New York Tenants Face Eviction After Safe Tenant Harbor Act Expires

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By Rebeca Chieffallo, Staff Writer

In June 2020, the Tenant Safe Harbor Act was signed into law for the state of New York. [1]

The Tenant Safe Harbor Act was sponsored by Senator Brad Hoylman and Assembly Member Jeffrey Dinowitz. [2]

Senator Hoylman recognized a moral obligation to keep New Yorkers in their homes throughout the course of the pandemic, achieved through the Tenant Safe Harbor Act. [3]

The Tenant Safe Harbor Act was designed to keep “those New Yorkers most affected financially during this pandemic… [protected] from eviction,” Senator Hoylman said. [4]

At the time of the Act’s passing, the NYU Furman Center estimated that 1,156,800 rental properties in New York had at least one resident suffer a job loss as a result of the pandemic. [5]

The Act’s original expiration date of May 2021 was extended to August 2021, resulting in five New York landlords pushing for reform. [6]

The landlords sued various officials, arguing that the Tenant Safe Harbor Act violates due process of the 14thAmendment through its barring of available legal action landlords would normally have in the face of their tenant’s hardship. [7]

The United States Supreme Court, in a 6-3 decision, granted the landlords’ request to lift the eviction ban during the course of the issue’s litigation. [8]

Once the Tenant Safe Harbor Act reached its deadline on August 31, 2021, Governor Kathy Hochul called the State Legislature back into session to extend the eviction ban through additional legislation. [9]

This legislative extension of the Tenant Safe Harbor Act also included various changes, including the opportunity for landlords to contest tenant hardship declarations in which eviction was asked to be sparred, and the tenant’s current situation was explained.[10] Landlord’s contest to such declarations allowed them a court hearing as well. [11]

In addition to the ability to contest, landlords still had the option to seek removal of tenants who failed to submit the declarations, damaged property, or created conditions unsafe or unhealthy to the other tenants. [12]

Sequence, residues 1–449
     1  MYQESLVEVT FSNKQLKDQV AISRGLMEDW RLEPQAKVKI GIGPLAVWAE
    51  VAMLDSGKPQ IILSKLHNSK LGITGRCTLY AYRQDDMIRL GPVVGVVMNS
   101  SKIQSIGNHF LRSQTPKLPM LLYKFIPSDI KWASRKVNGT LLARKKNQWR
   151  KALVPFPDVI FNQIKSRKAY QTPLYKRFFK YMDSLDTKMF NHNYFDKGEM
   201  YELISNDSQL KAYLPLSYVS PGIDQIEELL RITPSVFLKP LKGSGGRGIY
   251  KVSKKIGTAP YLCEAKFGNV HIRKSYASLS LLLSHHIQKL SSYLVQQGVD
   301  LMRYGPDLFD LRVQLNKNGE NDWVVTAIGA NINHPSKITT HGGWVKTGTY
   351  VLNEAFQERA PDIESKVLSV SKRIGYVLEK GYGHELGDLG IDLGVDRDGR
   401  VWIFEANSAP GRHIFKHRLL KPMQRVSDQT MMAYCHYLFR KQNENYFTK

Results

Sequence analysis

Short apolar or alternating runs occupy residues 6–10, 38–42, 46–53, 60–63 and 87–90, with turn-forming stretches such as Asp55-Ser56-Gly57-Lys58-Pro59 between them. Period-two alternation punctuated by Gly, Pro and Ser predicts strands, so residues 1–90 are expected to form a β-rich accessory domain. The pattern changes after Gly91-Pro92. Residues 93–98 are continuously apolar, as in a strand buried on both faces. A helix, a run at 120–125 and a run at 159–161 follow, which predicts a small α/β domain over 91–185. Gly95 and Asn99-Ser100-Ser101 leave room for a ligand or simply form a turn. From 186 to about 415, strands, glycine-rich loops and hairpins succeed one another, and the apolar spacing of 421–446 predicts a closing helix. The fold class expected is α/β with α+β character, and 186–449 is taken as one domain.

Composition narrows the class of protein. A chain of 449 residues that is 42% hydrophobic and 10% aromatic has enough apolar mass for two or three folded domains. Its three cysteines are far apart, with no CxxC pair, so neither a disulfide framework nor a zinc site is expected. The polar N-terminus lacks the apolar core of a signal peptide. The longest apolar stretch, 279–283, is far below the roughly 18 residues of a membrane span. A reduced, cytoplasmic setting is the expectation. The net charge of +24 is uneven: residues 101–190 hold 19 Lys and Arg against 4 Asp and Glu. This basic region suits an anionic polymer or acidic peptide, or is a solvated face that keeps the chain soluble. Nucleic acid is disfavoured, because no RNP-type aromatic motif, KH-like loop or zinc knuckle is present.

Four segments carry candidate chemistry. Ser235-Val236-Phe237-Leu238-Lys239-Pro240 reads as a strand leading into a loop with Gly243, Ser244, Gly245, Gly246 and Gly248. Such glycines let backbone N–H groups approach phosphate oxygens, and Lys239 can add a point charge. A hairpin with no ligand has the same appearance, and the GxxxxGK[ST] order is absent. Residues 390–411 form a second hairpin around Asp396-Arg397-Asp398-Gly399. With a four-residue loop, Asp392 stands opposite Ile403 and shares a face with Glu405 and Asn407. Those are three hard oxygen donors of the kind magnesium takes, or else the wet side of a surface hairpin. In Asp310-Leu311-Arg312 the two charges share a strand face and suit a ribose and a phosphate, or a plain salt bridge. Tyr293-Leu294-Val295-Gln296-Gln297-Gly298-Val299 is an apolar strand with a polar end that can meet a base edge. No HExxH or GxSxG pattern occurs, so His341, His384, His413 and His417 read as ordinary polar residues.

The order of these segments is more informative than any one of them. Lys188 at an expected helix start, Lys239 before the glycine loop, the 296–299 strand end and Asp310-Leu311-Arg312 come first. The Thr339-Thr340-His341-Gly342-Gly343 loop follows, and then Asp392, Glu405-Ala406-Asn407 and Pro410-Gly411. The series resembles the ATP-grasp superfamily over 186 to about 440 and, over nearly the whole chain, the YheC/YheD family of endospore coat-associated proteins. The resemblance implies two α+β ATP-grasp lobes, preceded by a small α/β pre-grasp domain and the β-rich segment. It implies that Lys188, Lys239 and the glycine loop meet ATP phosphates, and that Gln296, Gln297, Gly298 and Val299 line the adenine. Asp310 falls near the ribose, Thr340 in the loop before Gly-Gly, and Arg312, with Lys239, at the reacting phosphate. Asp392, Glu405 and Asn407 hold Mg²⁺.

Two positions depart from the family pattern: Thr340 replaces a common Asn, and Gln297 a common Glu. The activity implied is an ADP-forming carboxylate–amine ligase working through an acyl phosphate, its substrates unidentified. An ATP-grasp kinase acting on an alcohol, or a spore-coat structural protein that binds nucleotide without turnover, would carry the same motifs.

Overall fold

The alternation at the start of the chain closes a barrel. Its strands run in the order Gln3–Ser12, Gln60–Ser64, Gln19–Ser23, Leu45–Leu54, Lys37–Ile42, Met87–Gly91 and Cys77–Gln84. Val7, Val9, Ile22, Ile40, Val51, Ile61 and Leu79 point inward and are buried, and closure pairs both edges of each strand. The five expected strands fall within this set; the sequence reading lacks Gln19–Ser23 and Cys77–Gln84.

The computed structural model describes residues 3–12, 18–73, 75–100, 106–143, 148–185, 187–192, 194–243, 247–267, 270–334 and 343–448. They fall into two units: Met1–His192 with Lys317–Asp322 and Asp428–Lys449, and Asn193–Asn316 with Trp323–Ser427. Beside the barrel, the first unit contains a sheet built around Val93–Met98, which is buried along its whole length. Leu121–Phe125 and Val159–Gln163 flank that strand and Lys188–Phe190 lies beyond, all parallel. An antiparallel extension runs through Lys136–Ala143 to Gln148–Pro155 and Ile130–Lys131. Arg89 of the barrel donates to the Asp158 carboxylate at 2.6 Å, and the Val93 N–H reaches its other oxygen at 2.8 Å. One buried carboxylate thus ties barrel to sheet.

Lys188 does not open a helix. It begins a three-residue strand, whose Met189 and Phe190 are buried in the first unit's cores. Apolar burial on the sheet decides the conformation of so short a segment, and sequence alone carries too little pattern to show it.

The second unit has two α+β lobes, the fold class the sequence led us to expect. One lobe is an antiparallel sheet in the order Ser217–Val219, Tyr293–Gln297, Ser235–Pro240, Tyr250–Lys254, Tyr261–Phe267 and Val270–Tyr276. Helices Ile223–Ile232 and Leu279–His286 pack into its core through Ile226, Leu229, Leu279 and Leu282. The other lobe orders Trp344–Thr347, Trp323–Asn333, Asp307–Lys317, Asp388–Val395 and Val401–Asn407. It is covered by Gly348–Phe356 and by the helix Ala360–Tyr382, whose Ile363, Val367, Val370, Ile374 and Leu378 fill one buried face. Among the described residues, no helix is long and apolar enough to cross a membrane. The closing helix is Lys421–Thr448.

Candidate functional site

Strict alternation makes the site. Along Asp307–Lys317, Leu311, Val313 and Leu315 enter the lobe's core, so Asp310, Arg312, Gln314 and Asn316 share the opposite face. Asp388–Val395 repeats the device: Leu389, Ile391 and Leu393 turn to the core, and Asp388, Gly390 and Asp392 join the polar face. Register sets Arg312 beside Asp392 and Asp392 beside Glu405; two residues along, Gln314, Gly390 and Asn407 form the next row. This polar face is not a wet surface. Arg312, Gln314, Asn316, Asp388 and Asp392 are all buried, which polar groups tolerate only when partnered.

In the acts resigning, Assemblyman Jeffrey Dinowitz said that it was important to keep New Yorkers safe in the face of the Delta COVID-19 variant. [13]

“This law will help thousands of families keep a roof over their heads and doors open for small businesses as… we all work together on a recovery from this deadly pandemic,” Assemblyman Dinowitz said. [14]

The resigned Tenant Safe Harbor Act’s deadline was met on Saturday, January 15th[15]

At the time of the act’s expiration, an estimated 590,000 families were still behind on their rent payments. [16]

However, these tenants are not without options. 

Tenants have the option to apply for the Emergency Rental Assistance Program, which could provide up to 18 month’s rent if approved. [17]

Additionally, legal representation is suggested for those at risk of eviction. [18]

Cea Weaver is a housing advocate and campaign coordinator for Housing Justice for All. [19] Housing Justice for All is a statewide coalition comprised of more than 80 organizations that all work to represent the unhoused and tenants of rental properties. [20]

Weaver recognizes the struggles New York tenants are going to face as a result of the eviction ban’s expiration. [21]

“It’s going to be painful,” Weaver said. [22]


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